“Every year you adapt to new challenges as a driver. Last year as a rookie the tire was a big part of that challenge that I needed to learn,” he said. “But it’s now gone more to my favor – or more what I’m used to.
“Going into the offseason, it’s been nice to have a lot of private test time. When you have a private test, there’s driving stuff you can work on, being good on cold tires, or having new tires to work on. It’s the small little details. When you have private time to work on yourself, that’s the most productive.”
While Alberico is serious about the task at hand, he’s not afraid to have fun and laugh it off at the track. That humor involves his engineer, Geoff Fickling, team manager, Hale, and his supporters in Rising Star Racing.
Alberico and Fickling, a renowned and championship-winning engineer in multiple rungs of the MRTI (Ed Jones with Carlin last year and Gabby Chaves with Belardi in 2014 in Indy Lights, plus Jack Hawksworth with Pelfrey in 2012 in Pro Mazda), live not far apart in San Clemente, and at times, almost spend too much time together.
“Geoff and I get along great on a personal level. But sometimes he hates when I’m at his house looking for data – he’s gotta be like, ‘I want to get away, and I can’t get away from my driver!’” Alberico laughed. “But he’s very thorough. He’ll go the extra mile to teach me more what I need to learn.”
Alberico has also started making his Instagram videos must-see-content for the rather hilarious interaction between the laid-back Californian and the focused, often intently serious Hale, who has made Carlin a championship-winner in Indy Lights in just its second season. There’s a confidence Alberico has in providing humor here that may not have existed last year given the struggles that were out of his, or the team’s control.
And then there’s the fact Alberico was the one responsible for bringing in the most out-of-left-field IndyCar sponsor this year, which was awesome, in Loki the Wolfdog. We’ll let Neil take it from here…
“Rising Star Racing is, for those that don’t know, such an awesome initiative through MRTI into IndyCar,” Alberico said. “Spencer Pigot and I have been part of that program, which does a lot for young drivers.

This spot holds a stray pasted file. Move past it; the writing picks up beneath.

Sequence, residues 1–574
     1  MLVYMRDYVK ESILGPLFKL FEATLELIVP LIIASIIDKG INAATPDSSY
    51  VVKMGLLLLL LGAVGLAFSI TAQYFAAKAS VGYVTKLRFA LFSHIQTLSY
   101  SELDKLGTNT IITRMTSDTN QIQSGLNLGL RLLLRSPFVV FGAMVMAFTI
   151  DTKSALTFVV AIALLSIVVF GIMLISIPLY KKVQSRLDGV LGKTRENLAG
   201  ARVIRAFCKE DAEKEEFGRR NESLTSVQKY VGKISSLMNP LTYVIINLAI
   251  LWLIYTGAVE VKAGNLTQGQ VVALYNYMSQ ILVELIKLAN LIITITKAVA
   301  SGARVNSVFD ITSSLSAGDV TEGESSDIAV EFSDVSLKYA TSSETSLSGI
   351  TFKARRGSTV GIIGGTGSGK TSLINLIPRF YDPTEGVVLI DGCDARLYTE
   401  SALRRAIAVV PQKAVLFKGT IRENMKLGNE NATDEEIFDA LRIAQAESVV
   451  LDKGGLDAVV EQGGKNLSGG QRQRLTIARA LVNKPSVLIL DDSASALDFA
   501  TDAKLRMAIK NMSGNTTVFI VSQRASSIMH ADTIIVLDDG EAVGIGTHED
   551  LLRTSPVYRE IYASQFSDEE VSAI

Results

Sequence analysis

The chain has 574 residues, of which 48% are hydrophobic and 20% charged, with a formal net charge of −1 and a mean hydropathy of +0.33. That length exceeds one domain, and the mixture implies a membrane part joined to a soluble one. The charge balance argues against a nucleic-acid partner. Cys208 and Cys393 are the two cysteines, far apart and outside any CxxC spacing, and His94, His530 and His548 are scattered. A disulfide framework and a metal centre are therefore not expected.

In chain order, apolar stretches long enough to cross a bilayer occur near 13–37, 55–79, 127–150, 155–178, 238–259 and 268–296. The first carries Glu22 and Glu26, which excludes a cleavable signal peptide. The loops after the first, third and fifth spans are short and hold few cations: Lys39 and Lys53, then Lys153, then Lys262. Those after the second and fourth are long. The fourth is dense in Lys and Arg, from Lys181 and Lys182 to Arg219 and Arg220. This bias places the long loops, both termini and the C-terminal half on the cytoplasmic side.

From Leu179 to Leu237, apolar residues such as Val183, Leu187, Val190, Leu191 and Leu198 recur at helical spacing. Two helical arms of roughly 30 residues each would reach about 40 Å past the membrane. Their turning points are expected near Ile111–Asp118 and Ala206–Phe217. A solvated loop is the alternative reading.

“The Loki deal is just basically a friend of mine with a really famous Instagram dog. Social media has become a huge part of the sport the last several years, and I think sponsor and teams need to adapt at those times.”
Loki was on site at Long Beach and met Pigot there for the first time, thanks to the connection between the Rising Star Racing teammates. It’s not been the only partner Alberico has brought in; Laguna Beach-based modern drug addiction and alcoholism treatment center Oceanfront Recovery is on both Alberico’s Indy Lights car and Pigot’s No. 11 Juncos Racing Chevrolet in the Indianapolis 500.
Pigot and Alberico have been Art Wilmes’ two “primary” drivers for RSR over the years, but not the only ones RSR has supported.
There’s others such as last year’s Pro Mazda champion, Indy Lights rookie Aaron Telitz (who actually won on his debut at St. Petersburg and has been overlooked from a media perspective) and another MRTI veteran Jake Eidson in the RSR roster. RSR is set to formally add Oliver Askew, who’s off to a stellar start in USF2000, rather soon.
As Alberico heads to the Freedom 100 this weekend, he’s got the continuity from a team and engineering standpoint, and determined to secure his breakthrough win in a year when Telitz, Colton Herta and Nico Jamin have all become Indy Lights race winners.
“I like staying with the same team. When you gel with team mechanics, engineers, you don’t want to go through the new process again,” Alberico said. “That’s why you do better in your second year, and in the third year even more so.
“At the IndyCar level it’s about those 10-plus year relationships – and that’s hard to create as a rookie! So you have to learn and adapt with those with 10-year relationships.
“Here, the wind is a bigger factor. But we have the race lap record! We’re not slow. We like this place. Let’s put ourselves in position to win the race.”
Alberico, who mentioned the wind there, also had the chance to play weatherman for the local CBS affiliate (WTTV-4) here in Indianapolis last week. And that provided him and Telitz a chance to provide some competitive banter beyond what they’ve done on track.